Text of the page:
As each team is eliminated from the NBA Playoffs, The Post’s Tim Bontemps will analyze the biggest question facing the franchise as it enters the offseason. First up are the Portland Trail Blazers, who are contemplating big changes to the organization after being swept by the New Orleans Pelicans.
When the Toronto Raptors were swept by the Washington Wizards in the 2015 NBA playoffs, losing in the first round for the second straight season, the franchise found itself at a crossroads.
General Manager Masai Ujiri had a decision to make. He contemplated firing Coach Dwane Casey. He considered making bigger moves to break up the roster. Was it possible for this team, this core, to truly contend for a championship, or even be a serious threat to advance deep into the Eastern Conference portion of the bracket?
Ujiri ultimately chose patience. He didn’t fire Casey. He didn’t trade Kyle Lowry or DeMar DeRozan. Instead, he continued adding to the Raptors’ core and kept making draft picks, and Toronto had breakthroughs — first going to the Eastern Conference finals in 2016, then bouncing back from a second-round exit last year to have the best record in the Eastern Conference this season.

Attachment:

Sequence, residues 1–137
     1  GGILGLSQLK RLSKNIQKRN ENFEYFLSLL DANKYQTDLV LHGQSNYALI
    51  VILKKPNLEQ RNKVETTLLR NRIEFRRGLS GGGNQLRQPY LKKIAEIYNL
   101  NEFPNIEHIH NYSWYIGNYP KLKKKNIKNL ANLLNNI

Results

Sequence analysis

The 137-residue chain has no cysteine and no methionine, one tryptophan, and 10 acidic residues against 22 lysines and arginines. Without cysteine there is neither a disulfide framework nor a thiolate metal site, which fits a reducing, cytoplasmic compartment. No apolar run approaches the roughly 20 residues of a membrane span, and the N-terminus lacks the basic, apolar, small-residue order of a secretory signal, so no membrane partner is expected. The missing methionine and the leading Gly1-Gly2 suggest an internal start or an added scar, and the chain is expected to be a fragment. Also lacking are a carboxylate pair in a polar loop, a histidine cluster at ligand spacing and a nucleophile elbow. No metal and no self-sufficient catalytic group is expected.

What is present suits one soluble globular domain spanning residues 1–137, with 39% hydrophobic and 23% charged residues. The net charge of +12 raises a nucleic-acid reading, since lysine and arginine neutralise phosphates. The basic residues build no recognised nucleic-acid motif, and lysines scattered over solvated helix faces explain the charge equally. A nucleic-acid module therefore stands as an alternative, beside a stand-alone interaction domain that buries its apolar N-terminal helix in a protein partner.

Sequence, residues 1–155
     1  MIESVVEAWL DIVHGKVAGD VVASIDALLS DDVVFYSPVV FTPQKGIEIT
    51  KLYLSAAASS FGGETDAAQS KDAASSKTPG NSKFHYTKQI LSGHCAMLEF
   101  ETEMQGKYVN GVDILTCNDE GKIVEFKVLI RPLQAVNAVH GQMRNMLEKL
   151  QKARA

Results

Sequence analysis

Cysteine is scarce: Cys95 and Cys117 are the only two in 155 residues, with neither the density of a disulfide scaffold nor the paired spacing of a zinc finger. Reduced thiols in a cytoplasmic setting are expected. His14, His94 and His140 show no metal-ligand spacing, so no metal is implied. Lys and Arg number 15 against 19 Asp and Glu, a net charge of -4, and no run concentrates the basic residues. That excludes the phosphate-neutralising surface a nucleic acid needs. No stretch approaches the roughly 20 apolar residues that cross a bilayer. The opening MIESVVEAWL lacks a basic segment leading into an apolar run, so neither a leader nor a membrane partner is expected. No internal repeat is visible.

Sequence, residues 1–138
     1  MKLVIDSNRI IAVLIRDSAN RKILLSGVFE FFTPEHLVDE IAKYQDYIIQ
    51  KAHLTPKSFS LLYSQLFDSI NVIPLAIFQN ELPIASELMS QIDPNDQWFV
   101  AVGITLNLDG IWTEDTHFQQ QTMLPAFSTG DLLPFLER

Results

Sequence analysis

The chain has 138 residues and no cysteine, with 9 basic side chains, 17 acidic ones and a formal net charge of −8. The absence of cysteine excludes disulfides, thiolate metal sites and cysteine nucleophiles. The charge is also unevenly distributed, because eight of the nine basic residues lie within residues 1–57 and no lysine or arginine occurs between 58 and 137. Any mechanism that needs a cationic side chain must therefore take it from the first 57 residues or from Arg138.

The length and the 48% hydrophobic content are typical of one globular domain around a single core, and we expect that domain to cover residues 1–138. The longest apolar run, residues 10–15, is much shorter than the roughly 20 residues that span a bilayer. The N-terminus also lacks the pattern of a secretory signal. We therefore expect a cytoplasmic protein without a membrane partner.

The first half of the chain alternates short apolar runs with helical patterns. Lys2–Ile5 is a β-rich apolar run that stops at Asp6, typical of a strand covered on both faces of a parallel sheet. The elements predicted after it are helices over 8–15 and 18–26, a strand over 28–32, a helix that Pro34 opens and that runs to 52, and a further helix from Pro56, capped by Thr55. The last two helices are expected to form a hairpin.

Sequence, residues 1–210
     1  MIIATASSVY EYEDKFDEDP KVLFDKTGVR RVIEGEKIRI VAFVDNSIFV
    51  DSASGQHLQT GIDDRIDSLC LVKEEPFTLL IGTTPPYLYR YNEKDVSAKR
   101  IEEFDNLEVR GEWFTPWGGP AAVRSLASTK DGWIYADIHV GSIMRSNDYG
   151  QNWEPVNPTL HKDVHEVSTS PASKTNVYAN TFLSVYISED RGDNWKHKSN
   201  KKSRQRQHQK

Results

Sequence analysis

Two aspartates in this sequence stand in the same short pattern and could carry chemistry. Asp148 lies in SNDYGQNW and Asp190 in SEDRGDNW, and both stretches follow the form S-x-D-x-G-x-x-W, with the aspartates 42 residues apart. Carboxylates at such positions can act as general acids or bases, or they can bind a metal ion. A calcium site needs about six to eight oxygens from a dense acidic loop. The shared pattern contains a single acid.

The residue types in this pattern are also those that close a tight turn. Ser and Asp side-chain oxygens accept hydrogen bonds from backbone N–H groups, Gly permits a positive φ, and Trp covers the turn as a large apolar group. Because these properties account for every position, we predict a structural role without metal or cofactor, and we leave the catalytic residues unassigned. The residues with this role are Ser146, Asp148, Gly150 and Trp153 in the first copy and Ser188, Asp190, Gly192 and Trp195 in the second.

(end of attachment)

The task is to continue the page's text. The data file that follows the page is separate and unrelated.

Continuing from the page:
All of this is instructive when thinking about the current plight of the Portland Trail Blazers, in the wake of their own unceremonious departure from the playoffs Saturday night, when the New Orleans Pelicans completed a four-game sweep that turned what was a feel-good season for the third-seeded Blazers into a crisis moment for the franchise.
Like that Toronto team, Portland has had repeated playoff struggles. This year’s sweep has brought the total to 10 straight losses in playoff games for Portland, dating back to the final two games of the Blazers’ second-round series with the Golden State Warriors in 2016 (the Warriors also swept them in four games last year). And, like that Toronto team, Portland has a roster built around two ball-dominant guards — Damian Lillard and C.J. McCollum — with role players dropped in around them.